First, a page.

Baseball: Like Tuthill, Porters hope to put pain behind them

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03/06/2014 8:09 PM |
Brian Tuthill's return from a torn labrum is expected to help Greenport clean up its fielding. (Credit: Garret Meade)

Brian Tuthill’s return from a torn labrum that sidelined him last year is expected to help Greenport clean up its fielding. (Credit: Garret Meade)

Brian Tuthill is no stranger to pain. He dislocated his shoulder more than once and suffered a torn labrum in his left shoulder, an injury that cost him his junior season last year with the Greenport High School baseball team. Still, what was really painful for him was having to sit and watch and not be able to do anything about the errors he saw being made by the Porters.

“I saw things that we need to work on,” he said somewhat charitably.

Fielding was a problem for the Porters, who needed to win four of their last five games last year in order to reach the postseason. They lost all five to finish with a 6-14 record. In one game — a 12-1 loss to Pierson/Bridgehampton — the Porters committed 11 errors.

Coach Chris Golden said filling positions is not so much an issue for the Porters this year as “our ability to make plays in the field, not make errors. Last year we hurt ourselves.”

And the player who was hurt, Tuthill, should help alleviate that pain with his defense.

Tuthill played shortstop for the Porters as a freshman and as a sophomore, and has returned for his senior season. He said he is fully recovered from the injury to his non-throwing shoulder. “The doctors were confident in their work, and that kept me confident,” he said.

Tuthill is regarded as an asset to the infield. Golden said Tuthill was a standout as a sophomore and “he’s looked very good so far.”

One of the problems the Porters encountered last year was inclement weather, which limited their practice time outdoors and had an obvious affect on their fielding.

“And then what you’re doing [by making errors] is you’re racking up the pitch count,” Golden said. “The bottom line is it’s just disheartening, it really is. So for us this year it’s about minimizing those errors in the field.”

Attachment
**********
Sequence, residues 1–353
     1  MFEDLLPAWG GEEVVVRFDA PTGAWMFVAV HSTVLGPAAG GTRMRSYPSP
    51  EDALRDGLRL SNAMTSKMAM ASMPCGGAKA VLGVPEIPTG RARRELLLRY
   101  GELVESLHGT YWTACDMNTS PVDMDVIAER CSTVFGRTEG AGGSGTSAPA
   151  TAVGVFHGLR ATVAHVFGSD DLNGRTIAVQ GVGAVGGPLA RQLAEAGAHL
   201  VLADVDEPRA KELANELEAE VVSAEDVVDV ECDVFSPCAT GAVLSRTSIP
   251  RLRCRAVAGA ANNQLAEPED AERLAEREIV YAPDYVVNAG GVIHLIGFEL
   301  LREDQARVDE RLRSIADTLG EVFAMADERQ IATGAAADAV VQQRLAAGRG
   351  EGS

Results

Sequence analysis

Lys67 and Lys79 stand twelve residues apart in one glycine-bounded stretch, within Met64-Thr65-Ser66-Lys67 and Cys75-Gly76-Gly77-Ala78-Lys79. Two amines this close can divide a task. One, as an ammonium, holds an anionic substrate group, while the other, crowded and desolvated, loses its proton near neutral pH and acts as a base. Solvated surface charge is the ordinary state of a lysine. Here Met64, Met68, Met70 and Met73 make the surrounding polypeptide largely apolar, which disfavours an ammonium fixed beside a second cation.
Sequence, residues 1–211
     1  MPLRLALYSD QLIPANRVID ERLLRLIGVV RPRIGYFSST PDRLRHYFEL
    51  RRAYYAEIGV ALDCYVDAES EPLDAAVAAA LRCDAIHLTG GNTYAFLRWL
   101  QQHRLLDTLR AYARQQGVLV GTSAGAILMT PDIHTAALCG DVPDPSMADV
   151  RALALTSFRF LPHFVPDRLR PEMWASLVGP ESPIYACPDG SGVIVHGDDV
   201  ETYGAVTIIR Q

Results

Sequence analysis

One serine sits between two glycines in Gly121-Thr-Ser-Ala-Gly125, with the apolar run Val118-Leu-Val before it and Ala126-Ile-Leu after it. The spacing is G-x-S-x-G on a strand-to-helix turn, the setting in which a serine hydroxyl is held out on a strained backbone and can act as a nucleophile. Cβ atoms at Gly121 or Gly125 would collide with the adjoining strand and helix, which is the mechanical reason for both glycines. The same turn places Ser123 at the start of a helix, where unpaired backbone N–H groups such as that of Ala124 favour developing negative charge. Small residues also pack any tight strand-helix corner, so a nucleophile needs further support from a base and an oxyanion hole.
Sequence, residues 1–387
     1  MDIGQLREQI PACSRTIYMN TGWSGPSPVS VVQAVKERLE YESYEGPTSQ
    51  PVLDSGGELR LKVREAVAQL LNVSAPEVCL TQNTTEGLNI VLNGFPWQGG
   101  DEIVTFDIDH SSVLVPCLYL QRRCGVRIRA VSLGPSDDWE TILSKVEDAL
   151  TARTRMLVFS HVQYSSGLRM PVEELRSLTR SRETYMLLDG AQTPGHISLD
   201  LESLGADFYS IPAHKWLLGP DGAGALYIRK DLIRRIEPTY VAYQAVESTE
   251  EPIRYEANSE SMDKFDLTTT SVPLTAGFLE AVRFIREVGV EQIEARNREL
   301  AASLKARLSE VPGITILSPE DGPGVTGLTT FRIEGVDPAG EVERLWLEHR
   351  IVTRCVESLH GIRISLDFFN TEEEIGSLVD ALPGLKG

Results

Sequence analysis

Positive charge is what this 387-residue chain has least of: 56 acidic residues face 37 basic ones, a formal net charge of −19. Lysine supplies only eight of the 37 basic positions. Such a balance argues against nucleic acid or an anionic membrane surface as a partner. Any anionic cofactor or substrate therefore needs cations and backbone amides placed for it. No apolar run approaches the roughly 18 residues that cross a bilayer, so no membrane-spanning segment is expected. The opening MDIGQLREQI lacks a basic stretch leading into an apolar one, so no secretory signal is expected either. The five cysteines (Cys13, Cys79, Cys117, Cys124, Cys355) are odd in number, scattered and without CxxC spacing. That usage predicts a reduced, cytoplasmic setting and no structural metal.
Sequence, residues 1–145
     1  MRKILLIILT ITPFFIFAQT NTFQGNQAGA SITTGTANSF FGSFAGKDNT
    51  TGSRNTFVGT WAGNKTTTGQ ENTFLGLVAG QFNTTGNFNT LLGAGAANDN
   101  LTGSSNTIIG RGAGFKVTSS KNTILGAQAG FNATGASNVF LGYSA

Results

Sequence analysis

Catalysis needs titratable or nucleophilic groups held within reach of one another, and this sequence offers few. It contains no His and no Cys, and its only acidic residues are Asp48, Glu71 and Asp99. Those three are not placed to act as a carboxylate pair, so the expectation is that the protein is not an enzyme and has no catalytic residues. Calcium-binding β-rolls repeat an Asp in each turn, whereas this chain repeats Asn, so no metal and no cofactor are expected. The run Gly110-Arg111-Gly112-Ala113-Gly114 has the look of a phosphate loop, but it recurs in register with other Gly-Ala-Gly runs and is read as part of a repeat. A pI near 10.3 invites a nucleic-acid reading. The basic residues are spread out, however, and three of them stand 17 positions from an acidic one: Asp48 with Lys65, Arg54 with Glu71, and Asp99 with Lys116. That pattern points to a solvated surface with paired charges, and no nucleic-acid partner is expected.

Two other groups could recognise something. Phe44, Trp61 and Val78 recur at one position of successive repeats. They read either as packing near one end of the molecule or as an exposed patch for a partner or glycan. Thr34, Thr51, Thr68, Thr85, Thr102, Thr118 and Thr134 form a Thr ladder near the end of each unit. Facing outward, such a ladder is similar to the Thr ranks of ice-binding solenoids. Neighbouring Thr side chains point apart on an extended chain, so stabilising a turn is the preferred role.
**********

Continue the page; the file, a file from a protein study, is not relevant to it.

With a focus on fundamentals, the Porters were out on their field Thursday in the bitter cold (a temperature reading said it was 32 degrees, but it felt colder), fielding ground balls and making throws to first base.

“You got to bundle up,” said Austin Hooks, the senior pitcher/first baseman who had most of his face covered to protect him from the elements. “It’s really cold.”

In addition to Tuthill’s presence, the Porters should also be aided by the Baseball Heaven indoor facility in Yaphank, which they will use for an occasional practice. “With the weather being the way it is, for hitting, it’s a huge benefit,” said Golden.

Speaking of huge benefits, the Porters have eight returning players, including All-League selections Christian Angelson, a senior catcher/outfielder, and Matt Drinkwater, a junior pitcher/infielder. And there are others, too, like Timmy Stevens, who can play any position; John Drinkwater, Matt’s twin who pitches and plays first base; and Eddie Rogers, who can play any outfield position.

“I think we’re going to have a pretty strong team,” Angelson said. “Everyone has gotten better. We definitely matured a little bit.”

No wonder. All 12 of the Porters are either seniors or juniors.

Golden, who is in his third year coaching the team, has noticed a change for the better, off the field as well as on it. “The first two years it was about changing the culture from one that was not conducive to a student-athlete type of situation, if you will, or environment,” he said. “Now we have the right culture here in terms of standards and expectations.”

The Porters never made it to the playoffs, according to Golden, and that is something they want to change.

They did come close, within one game, during Tuthill’s freshman year. At the time, Tuthill said, his attitude after falling short of the postseason that year was “we always have next year.”

Now there is no next year for Tuthill and the rest of the seniors. “We have to make it happen now,” he said.

In the meantime, Tuthill sounds determined to savor every moment of his senior season as a healthy player.

“No matter if we’re running or we’re picking up balls at 6 o’clock after practice,” he said, “I’m just happy to be on the field.”

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